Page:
Lot 101 - 1970 BSA 650 Thunderbolt
|Chassis Number||CD05865 AS65T|
|Engine Number||A65LA 11815Y|
|Odometer reading||1 miles|
|Estimate||£4,500 - £6,000|
|Result||Sold - £5,040|
One of the oldest British motorcycle manufacturers, the Birmingham Small Arms Company began building bikes with proprietary power as early as 1903 and by 1909 were using their own engines, starting with a 3.5hp belt-driven single. BSA went on to become one of the most successful of all British manufacturers, both on and off the track. A development of the successful A10, BSA's new range of A50 and A65 twins took advantage of unit construction to modernise the packaging of the engine and gearbox in the late 1950s and would remain in production from 1962 until BSA finally went under over a decade later. The two models shared virtually all common parts with the 500cc A50 having a bore of 65.5mm and the larger 650cc A65's bore 75mm. With a new frame came a new name, the so-called 'Power Egg', a reference to the design of the new unit engine and gearbox. The A65 was sold in a myriad of different versions, including the Rocket, Thunderbolt, Lightning, Spitfire, Hornet and Firebird and was steadily improved over the years.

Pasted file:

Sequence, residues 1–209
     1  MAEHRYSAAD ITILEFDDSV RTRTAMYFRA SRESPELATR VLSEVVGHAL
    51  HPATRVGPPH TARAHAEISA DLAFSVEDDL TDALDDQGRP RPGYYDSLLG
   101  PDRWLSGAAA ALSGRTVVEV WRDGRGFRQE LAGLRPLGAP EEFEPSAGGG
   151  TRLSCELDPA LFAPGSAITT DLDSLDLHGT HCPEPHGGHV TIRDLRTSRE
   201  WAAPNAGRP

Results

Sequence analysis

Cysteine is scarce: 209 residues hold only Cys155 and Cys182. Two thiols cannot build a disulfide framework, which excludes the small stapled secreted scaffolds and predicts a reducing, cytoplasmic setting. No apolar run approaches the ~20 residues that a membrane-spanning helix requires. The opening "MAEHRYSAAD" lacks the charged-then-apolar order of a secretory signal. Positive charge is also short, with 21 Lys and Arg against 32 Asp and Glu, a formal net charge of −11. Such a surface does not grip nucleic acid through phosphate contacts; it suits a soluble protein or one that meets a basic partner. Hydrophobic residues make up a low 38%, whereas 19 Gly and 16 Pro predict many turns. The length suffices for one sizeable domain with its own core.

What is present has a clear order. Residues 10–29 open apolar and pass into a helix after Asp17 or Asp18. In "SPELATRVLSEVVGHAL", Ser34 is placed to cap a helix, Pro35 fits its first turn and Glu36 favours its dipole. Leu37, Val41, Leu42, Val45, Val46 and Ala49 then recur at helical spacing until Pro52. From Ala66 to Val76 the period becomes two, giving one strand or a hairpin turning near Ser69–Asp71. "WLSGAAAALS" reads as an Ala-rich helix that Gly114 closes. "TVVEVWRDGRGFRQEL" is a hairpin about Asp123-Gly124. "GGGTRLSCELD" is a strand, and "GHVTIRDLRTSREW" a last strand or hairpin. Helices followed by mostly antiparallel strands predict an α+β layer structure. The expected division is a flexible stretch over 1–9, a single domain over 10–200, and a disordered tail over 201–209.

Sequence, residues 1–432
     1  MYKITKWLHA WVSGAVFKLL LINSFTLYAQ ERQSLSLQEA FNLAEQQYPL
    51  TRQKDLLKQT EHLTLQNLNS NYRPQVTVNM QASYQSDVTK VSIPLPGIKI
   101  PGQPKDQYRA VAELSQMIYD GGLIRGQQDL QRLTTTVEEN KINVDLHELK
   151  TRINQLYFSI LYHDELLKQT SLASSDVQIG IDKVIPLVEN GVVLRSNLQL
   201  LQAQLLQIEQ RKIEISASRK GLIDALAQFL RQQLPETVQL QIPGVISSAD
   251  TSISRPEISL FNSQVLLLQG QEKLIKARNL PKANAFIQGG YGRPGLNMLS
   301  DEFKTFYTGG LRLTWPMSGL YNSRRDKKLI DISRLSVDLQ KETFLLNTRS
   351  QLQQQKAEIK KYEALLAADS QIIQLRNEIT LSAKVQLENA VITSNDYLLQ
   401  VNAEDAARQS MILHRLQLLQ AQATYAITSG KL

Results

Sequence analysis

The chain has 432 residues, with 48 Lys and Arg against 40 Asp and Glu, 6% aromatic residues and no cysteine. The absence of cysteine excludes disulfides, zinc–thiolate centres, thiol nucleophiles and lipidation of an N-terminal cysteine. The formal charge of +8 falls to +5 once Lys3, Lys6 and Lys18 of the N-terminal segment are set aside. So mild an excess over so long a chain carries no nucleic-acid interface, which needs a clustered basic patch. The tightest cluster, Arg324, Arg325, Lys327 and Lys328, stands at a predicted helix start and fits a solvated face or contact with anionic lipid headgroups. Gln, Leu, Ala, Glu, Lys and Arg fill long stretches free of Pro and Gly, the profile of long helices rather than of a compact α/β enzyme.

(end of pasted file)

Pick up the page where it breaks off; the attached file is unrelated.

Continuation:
This BSA was registered on 4th June 1970, the first owner was Leicester & Rutland Constabulary; they subsequently kept the motorcycle until June 1976. Recently, this Thunderbolt has been restored and presents in good order, although as the odometer indicates, has not been used since the restoration. These BSA's are big powerful imposing machines and would have been a delight to ride around the Leicestershire countryside. Supplied with a V5C registration document together with the original green logbook, this Thunderbolt appears to have had only four keepers in total.
Next lotLot 102 - 1978 Honda C90 Cub
Interested parties should satisfy themselves as to the description and condition of each lot prior to the sale. Accordingly, buyers are on notice that each vehicle is offered ‘as is/as seen’ subject to the Terms and Conditions for the auction. Buyers are advised to inspect the vehicle in person or use a professional to carry out this service. Historics will not entertain disputes over descriptions.